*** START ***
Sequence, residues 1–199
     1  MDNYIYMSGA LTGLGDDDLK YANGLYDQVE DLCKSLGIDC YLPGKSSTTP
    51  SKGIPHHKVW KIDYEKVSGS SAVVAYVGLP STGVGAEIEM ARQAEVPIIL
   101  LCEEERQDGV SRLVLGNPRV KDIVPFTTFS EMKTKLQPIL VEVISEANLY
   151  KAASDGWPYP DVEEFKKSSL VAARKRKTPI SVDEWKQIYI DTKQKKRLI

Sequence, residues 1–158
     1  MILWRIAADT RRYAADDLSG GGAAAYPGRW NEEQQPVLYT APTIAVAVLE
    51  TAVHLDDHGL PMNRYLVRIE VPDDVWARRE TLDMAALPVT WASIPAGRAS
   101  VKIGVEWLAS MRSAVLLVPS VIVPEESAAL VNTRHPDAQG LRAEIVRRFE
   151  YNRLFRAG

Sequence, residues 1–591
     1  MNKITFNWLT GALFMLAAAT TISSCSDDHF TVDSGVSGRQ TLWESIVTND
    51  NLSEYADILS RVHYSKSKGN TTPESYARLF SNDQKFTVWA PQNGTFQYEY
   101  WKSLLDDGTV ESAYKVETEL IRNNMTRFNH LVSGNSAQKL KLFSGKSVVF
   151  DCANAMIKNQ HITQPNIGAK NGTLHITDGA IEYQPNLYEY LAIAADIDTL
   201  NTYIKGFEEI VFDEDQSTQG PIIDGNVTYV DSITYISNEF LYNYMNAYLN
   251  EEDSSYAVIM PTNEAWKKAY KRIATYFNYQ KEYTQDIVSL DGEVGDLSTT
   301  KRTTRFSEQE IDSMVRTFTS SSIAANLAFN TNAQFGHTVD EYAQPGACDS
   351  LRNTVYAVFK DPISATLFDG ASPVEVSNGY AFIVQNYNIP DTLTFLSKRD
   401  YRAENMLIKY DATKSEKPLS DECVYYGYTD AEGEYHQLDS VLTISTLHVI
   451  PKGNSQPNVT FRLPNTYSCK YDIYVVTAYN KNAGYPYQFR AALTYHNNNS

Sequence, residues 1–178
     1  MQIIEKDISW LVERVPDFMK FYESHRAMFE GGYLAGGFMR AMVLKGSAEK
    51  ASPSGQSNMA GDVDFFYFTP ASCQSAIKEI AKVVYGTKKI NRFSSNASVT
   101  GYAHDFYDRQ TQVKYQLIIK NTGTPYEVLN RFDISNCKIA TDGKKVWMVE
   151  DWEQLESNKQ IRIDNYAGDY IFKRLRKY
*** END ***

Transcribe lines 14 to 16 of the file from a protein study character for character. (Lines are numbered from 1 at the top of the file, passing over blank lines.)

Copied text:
   101  WKSLLDDGTV ESAYKVETEL IRNNMTRFNH LVSGNSAQKL KLFSGKSVVF
   151  DCANAMIKNQ HITQPNIGAK NGTLHITDGA IEYQPNLYEY LAIAADIDTL
   201  NTYIKGFEEI VFDEDQSTQG PIIDGNVTYV DSITYISNEF LYNYMNAYLN